Correct. But the stress on the sides is in compression or tension which is usually far stronger than in sheer which is what the top (and bottom) are in.
Holes would create ‘stress concentrators’ where the lines of flux (stress) would be concentrated between the edges of the holes and the sidewall. The stress loads here would be the same as in the full part but that section would only have the strength of the, now smaller, width.
I’ve confessed in these pages before that I am not an ME, so treat this as a question rather than an argument, please.
Is the “strength” of the beam the same as “bending resistance?” I read in Dave Gerr’s book on boat design that the stiffness (which I would think is the same as bending resistance) of a beam, all else being equal, goes up with the fourth power of thickness, not the third power. Of course, the failure strength might go up as the third power – about this I know nothing.
Good question… strength and bending resistance are not the same. Strength is basically the material’s ability to resist being pulled apart (breaking due to stress). Stiffness is the part’s resistance to deflection. Stiffness is contributed to by both the material choice (Young’s modulus, E) and the shape of the part (Moment of Inertia, I). In many cases devices fail due to being insufficient stiffness rather than not being strong enough… think of a long, small diameter PVC arm.
I’m not familiar with Gerr’s book, so I can’t speak to the context. <speculation> Since you reference ‘thickness’ he may be experiencing both an increase in height and width of the section, but I can’t be certain.</speculation>
Not sure if I am clarifying or confusing things… pics to follow.
Clarification… “One was left free on the axis that would allow them to get closer to each other, the other was fixed on this axis.” Leaving both free causes the software to attach weak springs to contain that degree of freedom which is a bad habit to get into. I also failed to mention that I’m using 1000 lbf uniformly distributed loads as I look at these beams. It’s a completely ficticious load, but since we’re only looking at how the beams carry the loads and not the absolute magnitudes I don’t see an issue.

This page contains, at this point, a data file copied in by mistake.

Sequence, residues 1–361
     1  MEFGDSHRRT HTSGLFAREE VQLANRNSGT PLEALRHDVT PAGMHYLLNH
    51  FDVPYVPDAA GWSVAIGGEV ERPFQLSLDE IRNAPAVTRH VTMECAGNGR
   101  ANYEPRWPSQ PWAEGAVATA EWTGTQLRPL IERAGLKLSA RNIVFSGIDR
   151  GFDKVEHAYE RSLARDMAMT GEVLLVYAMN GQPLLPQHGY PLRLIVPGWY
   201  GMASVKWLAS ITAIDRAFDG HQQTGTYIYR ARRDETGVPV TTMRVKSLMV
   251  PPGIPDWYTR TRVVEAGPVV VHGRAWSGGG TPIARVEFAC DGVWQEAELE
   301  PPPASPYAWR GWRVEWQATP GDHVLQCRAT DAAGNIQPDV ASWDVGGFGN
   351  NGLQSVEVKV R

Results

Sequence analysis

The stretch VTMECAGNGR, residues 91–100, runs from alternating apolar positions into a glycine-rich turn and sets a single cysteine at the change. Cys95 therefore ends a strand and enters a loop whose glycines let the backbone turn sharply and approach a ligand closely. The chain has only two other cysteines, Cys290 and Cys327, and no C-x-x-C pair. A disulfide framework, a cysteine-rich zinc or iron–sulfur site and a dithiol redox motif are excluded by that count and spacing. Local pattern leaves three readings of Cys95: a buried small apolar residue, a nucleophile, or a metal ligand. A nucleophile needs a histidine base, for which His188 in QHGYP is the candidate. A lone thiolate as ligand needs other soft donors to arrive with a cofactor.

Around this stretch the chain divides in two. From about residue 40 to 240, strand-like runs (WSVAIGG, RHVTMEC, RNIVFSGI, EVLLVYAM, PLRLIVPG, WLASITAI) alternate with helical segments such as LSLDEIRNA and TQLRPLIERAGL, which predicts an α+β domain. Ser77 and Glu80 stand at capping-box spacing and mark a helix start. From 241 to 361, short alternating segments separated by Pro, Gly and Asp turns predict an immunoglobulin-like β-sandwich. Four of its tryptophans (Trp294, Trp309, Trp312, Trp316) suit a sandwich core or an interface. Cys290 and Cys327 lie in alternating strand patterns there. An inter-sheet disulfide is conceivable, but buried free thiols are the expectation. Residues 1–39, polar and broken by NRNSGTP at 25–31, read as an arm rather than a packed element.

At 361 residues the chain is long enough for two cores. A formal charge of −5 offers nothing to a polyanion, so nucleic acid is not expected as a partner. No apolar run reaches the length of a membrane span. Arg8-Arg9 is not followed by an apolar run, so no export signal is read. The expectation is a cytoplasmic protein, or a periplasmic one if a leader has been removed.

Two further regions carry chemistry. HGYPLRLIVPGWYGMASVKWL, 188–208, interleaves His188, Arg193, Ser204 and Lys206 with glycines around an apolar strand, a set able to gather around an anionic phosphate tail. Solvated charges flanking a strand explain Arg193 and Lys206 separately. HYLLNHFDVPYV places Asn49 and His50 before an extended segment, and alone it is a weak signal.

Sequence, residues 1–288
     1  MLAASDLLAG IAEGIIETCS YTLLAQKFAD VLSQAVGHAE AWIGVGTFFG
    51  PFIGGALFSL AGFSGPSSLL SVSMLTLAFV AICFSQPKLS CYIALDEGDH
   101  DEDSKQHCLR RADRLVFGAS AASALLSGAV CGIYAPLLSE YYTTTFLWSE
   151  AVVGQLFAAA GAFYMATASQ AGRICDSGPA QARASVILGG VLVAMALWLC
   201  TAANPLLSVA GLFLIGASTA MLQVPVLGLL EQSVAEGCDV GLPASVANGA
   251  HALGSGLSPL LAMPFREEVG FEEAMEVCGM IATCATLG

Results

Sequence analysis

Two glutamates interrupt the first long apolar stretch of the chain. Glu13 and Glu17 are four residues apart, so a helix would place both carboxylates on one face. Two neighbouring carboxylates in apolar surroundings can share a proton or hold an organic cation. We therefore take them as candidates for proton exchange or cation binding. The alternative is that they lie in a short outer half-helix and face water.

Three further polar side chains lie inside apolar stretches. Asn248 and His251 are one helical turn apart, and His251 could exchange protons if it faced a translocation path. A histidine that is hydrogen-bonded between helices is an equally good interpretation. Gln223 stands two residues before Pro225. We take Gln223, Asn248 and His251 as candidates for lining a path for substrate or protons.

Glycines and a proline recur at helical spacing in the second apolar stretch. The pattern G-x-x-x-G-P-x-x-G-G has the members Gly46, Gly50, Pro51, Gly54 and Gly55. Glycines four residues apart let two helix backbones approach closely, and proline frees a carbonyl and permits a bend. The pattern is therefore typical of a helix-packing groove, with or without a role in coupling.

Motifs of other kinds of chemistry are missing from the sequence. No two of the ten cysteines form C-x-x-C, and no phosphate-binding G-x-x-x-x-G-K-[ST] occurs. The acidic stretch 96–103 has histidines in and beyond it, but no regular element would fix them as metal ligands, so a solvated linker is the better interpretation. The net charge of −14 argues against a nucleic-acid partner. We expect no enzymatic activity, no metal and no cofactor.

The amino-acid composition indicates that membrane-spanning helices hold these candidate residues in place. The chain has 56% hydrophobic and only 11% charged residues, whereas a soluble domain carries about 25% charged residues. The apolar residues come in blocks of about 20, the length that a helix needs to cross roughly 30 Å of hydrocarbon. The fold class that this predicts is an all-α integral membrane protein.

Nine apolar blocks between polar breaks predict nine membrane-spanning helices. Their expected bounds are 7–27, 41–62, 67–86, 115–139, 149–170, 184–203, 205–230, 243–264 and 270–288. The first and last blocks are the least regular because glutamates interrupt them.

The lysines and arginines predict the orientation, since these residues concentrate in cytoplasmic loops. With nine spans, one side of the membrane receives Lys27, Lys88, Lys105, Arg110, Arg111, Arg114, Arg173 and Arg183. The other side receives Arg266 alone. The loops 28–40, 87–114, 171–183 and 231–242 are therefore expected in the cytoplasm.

Attached is the deflection diagram that goes with the original post…
8643 psi max stress
.133 in max deflection
OK, I’m posting each of the beam sections seperately because I think it organizes the data better… holler if I should stop.
4" x 2" aluminum tube (wide)
1000 lbf uniform load
5158 psi max stress
.078 in max deflection
Last one of this batch…
2" x 4" aluminum tube (tall)
1000 lbf uniform load
5096 psi max stress - Note this is a singularity out at the support where as the others are in the middle. The middle of this is somewhat lower than 3400psi
.026 in max deflection
Are we getting anything out of this? (i.e. Keep going?)
All I’m getting from this exercise is disoriented.
Don Rotolo’s post talked about the stresses being greatest on the top and bottom, which doesn’t match how I read the picture it’s referring to. The recent images use the words “wide” and “tall”, but the pictures associated with those words seem to be swapped. Help?
Nuts… Now that I look back I doubt that you’re alone.
Thanks for saying something.
This conversation started from another thread discussing frame rails getting hit from the side which is why I modeled the beam with the load from the side and now we’re mixing that convention with the typical beam loaded from top convention. I’ll correct the images so that the load is on top since that seems to be the easiest to understand for anybody wandering in to this thread.
sigh Once again, I’m making the simple complicated.
Um, sorry about that, I accept the responsibility for confusing the directions. When I wrote I was thinking of deflection force from above, but of course the image shows (showed?) the force from the side.
Just think in 4 dimensions and it’ll all make sense.
That is similar to the initial picture that started this thread, but the boundary conditions are different. What did you use?
It looks like three smaller loads, 2 up and 1 down, with fixed end faces on a shorter beam.